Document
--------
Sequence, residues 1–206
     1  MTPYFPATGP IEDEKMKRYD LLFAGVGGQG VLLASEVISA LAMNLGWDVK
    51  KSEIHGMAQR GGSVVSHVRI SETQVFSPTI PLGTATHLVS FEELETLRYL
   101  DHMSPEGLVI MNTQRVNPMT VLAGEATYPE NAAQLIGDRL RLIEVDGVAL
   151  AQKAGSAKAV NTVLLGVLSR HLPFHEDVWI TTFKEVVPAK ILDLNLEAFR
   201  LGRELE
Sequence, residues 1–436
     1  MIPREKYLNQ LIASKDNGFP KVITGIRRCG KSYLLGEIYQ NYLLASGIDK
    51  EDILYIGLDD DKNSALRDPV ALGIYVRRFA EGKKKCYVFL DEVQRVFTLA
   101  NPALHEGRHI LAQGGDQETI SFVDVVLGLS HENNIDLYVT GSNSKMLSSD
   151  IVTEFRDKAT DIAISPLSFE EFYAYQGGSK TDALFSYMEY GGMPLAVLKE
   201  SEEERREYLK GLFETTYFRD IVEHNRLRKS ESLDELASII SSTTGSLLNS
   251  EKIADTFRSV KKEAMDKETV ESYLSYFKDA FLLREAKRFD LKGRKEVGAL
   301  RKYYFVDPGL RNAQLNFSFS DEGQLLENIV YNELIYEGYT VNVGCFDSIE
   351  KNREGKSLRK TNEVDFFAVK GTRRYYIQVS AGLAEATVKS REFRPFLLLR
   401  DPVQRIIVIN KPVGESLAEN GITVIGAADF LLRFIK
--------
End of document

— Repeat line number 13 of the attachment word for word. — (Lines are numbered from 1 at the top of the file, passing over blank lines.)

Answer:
   251  EKIADTFRSV KKEAMDKETV ESYLSYFKDA FLLREAKRFD LKGRKEVGAL